Aid convoy finally reaches besieged Damascus suburb
The bodies of the two infants were laid next to each other on the hospital floor, bundled tightly in United Nations food sacks. It was all the doctors had left to wrap the growing number of dead.
The picture of the latest victims of the Syrian government's offensive on Eastern Ghouta has become a symbol for its besieged residents.
"All the UN is good for now is providing cover for the bodies of our dead children," one remarked.
The UN Security Council unanimously passed a resolution on a 30-day ceasefire on February 24, but it is yet to be implemented.
More than 200 people have been killed waiting for the ceasefire. So for many it was too little, too late when UN trucks carrying food and aid finally made it to the enclave yesterday.
Forty-six trucks of food and medical equipment reached Eastern Ghouta after days of wrangling with the regime, and not before the vehicles were stripped of more than 70pc of their load.
Even as the convoy passed yesterday afternoon, air strikes hit just a few hundreds yards away. Residents of Eastern Ghouta, trapped for five years by President Bashar al-Assad's forces, have been living in dire conditions, many of them without sufficient food or electricity.
Only one delivery has reached the enclave this year - it came last month, and was enough to help just a fraction of its nearly 400,000 residents.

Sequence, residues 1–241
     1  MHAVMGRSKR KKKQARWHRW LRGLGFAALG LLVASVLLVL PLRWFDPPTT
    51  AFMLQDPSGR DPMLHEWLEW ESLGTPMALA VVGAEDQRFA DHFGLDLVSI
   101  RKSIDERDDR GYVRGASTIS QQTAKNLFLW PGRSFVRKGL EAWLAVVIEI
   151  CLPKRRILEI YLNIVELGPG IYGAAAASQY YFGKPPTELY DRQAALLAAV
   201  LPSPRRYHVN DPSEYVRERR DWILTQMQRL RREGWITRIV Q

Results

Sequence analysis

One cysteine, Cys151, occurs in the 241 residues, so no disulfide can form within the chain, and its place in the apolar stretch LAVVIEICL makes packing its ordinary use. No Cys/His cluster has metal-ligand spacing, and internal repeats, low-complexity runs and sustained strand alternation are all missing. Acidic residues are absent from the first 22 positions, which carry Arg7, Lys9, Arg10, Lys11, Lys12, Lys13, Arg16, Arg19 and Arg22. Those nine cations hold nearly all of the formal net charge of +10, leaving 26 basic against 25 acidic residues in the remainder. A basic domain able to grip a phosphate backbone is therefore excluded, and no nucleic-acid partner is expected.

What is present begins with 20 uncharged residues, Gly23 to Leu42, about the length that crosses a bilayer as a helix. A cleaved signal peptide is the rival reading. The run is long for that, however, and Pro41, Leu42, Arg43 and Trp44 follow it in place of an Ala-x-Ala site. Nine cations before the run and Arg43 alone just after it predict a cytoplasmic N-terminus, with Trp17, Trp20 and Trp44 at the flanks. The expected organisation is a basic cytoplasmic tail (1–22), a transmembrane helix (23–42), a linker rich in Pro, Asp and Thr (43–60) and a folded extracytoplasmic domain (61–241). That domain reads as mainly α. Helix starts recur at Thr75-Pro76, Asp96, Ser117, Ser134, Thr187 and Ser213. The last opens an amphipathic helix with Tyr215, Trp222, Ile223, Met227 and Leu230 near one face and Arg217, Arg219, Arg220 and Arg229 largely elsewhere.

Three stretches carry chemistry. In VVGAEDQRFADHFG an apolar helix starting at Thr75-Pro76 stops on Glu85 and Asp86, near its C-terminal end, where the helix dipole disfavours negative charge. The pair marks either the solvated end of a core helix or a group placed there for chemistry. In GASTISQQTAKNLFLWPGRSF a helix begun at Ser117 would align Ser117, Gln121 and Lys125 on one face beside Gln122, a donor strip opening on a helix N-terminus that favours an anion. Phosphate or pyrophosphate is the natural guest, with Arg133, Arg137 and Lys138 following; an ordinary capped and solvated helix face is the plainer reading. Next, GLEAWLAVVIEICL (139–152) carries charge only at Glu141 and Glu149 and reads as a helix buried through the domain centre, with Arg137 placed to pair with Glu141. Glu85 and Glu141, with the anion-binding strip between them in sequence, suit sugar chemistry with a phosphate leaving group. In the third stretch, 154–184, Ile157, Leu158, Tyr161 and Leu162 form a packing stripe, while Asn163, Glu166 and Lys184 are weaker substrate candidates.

Charities have warned there are dozens of people who require evacuation for urgent medical treatment, and say others face starvation if aid is not allowed in.
Pro-Assad forces have made sudden advances into Eastern Ghouta in recent days despite a Russian-organised "humanitarian pause", the UK-based Syrian Observatory for Human Rights said.
Syria's Central Military Media said troops continued their advance from the east and were 3km from meeting up with soldiers advancing from the west, which would cut the suburb into two parts.
More than 50 people were killed on Sunday and more than 45 were reported dead yesterday, according to the Syrian American Medical Society, which supports hospitals in the area. Tens of thousands were reported to have been driven from their homes, forced further into the centre of the suburb by fighting.
"Many, many people have been displaced," Mohammed Katoub, a resident of Eastern Ghouta, told 'The Daily Telegraph' via the messaging service WhatsApp.
The UN Human Rights Council yesterday ordered investigators to look into the latest violence, after Zeid Ra'ad al-Hussein, the world body's rights chief, warned crimes against humanity had likely been committed.
© Daily Telegraph, London